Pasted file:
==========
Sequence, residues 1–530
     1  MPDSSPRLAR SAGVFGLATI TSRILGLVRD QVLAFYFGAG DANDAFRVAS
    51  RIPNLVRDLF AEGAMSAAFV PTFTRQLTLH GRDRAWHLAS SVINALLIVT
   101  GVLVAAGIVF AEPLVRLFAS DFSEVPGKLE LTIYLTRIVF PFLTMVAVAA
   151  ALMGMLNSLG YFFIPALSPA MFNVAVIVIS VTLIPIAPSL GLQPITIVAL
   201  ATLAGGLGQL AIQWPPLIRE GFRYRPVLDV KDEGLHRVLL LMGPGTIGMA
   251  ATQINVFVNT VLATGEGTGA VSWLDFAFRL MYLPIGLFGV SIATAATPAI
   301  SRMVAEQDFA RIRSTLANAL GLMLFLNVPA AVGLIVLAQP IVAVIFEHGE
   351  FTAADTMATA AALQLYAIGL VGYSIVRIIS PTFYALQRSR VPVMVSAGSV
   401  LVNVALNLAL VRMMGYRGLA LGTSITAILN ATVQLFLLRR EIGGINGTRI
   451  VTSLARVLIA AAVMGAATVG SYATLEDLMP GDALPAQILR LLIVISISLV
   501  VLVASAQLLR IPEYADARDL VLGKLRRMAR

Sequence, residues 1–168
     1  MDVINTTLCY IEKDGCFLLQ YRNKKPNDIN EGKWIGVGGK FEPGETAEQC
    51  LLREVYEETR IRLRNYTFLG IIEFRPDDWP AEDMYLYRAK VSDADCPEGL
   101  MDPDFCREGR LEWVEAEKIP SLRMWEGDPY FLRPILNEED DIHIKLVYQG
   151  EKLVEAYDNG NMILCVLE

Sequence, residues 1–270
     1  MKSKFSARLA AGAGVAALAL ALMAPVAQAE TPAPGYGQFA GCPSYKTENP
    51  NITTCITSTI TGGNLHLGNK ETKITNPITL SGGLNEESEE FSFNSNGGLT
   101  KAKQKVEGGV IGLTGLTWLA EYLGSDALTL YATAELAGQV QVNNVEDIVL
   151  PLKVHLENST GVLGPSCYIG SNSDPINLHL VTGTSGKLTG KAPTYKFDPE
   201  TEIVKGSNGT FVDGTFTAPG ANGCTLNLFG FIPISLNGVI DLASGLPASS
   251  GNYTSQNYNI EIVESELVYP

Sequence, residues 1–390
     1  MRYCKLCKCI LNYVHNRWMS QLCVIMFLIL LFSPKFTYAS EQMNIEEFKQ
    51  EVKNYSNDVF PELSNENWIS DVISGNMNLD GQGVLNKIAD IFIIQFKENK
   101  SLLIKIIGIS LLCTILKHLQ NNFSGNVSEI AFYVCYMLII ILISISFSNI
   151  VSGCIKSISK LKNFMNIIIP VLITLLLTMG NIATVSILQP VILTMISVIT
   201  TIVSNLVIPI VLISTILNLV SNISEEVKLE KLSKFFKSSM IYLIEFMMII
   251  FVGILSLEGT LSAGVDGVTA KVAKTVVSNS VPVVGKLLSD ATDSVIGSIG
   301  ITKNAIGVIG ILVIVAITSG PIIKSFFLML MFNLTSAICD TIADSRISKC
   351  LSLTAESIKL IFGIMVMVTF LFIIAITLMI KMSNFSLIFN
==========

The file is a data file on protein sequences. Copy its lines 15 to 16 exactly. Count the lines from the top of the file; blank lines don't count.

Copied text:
    51  LLREVYEETR IRLRNYTFLG IIEFRPDDWP AEDMYLYRAK VSDADCPEGL
   101  MDPDFCREGR LEWVEAEKIP SLRMWEGDPY FLRPILNEED DIHIKLVYQG